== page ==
Yoga: Finding the Right Type and the Right Teacher
Jane E. says her daily practice of yoga makes her more flexible, improves her concentration, and gives her an aerobic workout as well.
"It's a really comprehensive kind of exercise that not only affects my physical well-being, but creates an important connection between my body and my mind. I feel more energized and also refreshed mentally after practicing yoga."
Apparently many people agree. Tens of millions of Americans report that they do yoga, an exercise made up of a series of poses based on an ancient Indian spiritual discipline. If you're interested in starting yoga, the safest approach would be to find an introductory yoga class. They are generally slower paced. Many Western yoga classes are performed in very hot rooms, so make sure your new class is in a place where it is not excessively hot.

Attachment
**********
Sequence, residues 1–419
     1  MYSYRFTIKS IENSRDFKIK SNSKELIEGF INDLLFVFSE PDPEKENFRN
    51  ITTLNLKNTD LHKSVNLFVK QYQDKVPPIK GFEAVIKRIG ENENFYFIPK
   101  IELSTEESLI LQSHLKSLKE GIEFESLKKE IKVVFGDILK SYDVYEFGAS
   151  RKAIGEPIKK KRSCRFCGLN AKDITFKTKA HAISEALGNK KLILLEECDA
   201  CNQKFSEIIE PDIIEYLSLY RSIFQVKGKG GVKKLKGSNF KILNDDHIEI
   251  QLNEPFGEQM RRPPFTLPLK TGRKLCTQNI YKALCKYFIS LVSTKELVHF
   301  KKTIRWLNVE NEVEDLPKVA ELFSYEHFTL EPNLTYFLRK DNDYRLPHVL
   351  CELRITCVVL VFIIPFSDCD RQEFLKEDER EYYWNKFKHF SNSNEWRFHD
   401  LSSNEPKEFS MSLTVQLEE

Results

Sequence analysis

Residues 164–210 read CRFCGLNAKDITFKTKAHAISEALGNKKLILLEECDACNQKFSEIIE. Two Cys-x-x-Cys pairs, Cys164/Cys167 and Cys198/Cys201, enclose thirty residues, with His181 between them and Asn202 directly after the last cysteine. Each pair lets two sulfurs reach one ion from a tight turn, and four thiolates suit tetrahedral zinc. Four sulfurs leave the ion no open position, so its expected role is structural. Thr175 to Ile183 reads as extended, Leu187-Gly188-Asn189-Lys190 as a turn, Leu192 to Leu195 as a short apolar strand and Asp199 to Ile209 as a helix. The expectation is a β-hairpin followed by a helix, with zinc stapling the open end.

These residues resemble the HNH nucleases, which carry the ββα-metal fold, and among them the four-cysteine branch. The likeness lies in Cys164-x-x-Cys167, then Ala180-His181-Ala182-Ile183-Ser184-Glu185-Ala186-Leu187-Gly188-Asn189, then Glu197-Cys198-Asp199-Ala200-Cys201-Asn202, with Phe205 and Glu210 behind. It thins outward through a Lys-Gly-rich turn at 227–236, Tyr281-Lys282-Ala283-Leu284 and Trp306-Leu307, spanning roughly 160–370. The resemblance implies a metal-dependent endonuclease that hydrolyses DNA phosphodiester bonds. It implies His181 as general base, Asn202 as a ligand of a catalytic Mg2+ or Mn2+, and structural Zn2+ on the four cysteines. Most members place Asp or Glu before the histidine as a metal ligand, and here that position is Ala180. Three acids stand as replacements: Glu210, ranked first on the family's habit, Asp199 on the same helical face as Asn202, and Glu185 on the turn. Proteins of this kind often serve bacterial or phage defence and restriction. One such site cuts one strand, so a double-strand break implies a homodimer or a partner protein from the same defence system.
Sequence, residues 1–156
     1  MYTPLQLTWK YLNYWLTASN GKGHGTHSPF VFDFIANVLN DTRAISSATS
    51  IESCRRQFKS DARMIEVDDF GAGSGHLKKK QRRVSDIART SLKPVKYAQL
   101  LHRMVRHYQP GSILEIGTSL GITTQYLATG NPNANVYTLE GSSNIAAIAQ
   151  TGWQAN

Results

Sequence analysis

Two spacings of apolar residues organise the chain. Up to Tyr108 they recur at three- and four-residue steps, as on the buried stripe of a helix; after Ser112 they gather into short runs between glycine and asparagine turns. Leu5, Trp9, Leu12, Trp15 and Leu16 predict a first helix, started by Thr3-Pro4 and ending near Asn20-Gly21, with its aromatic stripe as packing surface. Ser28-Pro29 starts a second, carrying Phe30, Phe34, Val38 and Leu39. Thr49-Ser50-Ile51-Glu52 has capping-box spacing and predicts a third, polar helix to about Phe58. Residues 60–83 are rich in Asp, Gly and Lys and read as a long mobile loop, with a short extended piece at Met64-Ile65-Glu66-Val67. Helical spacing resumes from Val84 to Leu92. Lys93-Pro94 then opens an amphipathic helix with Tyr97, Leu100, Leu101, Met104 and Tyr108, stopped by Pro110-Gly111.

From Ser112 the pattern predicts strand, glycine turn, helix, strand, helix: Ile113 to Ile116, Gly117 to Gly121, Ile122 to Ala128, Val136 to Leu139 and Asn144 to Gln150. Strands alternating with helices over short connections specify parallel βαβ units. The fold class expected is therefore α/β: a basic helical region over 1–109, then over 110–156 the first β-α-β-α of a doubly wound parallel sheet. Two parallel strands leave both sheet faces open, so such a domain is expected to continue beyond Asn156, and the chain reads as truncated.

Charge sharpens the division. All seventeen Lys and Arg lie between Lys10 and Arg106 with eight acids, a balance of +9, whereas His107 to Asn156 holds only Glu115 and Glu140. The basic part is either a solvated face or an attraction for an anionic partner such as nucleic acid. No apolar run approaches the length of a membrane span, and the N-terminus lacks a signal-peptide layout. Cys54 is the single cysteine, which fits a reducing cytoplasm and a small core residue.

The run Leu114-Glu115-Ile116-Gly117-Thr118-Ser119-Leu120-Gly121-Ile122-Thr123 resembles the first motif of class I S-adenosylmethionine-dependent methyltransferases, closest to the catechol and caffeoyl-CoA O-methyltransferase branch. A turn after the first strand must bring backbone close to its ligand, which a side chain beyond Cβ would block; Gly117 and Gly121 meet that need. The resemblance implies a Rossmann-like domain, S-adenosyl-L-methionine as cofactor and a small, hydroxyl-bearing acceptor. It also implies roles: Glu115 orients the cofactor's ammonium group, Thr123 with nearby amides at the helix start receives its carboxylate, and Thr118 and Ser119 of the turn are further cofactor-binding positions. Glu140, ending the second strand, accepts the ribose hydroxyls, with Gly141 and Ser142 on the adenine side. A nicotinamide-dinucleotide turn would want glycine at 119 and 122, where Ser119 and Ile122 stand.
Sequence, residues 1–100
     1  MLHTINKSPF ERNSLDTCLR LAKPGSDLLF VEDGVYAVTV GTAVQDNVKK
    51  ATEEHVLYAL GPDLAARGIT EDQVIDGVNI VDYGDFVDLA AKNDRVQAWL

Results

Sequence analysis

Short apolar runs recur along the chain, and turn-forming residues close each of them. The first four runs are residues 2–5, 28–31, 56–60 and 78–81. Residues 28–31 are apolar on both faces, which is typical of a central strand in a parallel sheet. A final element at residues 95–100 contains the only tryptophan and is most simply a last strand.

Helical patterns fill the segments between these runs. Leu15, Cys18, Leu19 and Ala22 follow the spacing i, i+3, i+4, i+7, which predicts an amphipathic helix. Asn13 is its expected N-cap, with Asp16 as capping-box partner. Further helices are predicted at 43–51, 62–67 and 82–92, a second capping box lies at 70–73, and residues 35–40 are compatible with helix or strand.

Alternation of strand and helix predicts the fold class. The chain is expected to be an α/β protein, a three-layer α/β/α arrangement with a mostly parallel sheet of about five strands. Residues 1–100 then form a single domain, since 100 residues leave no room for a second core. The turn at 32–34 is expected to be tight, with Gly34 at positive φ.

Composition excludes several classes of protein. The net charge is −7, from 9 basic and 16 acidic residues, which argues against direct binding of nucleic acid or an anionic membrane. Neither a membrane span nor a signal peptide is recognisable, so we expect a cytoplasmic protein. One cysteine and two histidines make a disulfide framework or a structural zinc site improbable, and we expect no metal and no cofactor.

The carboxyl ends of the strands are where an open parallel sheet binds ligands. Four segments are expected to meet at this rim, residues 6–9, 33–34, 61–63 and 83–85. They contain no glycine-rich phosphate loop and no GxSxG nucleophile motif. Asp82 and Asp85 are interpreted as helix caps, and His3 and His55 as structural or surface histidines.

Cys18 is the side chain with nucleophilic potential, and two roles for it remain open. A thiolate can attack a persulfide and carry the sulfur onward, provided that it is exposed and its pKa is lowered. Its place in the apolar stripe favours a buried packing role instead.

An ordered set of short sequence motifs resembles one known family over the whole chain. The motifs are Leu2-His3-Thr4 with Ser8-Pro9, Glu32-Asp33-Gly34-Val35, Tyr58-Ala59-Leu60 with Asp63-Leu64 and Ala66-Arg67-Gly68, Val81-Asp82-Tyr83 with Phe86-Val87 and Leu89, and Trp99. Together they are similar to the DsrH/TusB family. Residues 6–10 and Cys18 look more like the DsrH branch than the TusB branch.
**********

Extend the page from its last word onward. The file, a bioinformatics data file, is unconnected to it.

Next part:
Since yoga first gained visibility in the 1960s, numerous teachers, styles, and organizations have emerged, but finding one that's right for you can sometimes be a challenge. A good teacher and the right practice can significantly contribute to your enjoyment, growth, and understanding. Moreover, a good teacher can ultimately determine whether you continue to gain the benefits from a constant and continuing practice.
Last reviewedOctober 2013by Michael Woods, MD
Please be aware that this information is provided to supplement the care provided by your physician. It is neither intended nor implied to be a substitute for professional medical advice. CALL YOUR HEALTHCARE PROVIDER IMMEDIATELY IF YOU THINK YOU MAY HAVE A MEDICAL EMERGENCY. Always seek the advice of your physician or other qualified health provider prior to starting any new treatment or with any questions you may have regarding a medical condition.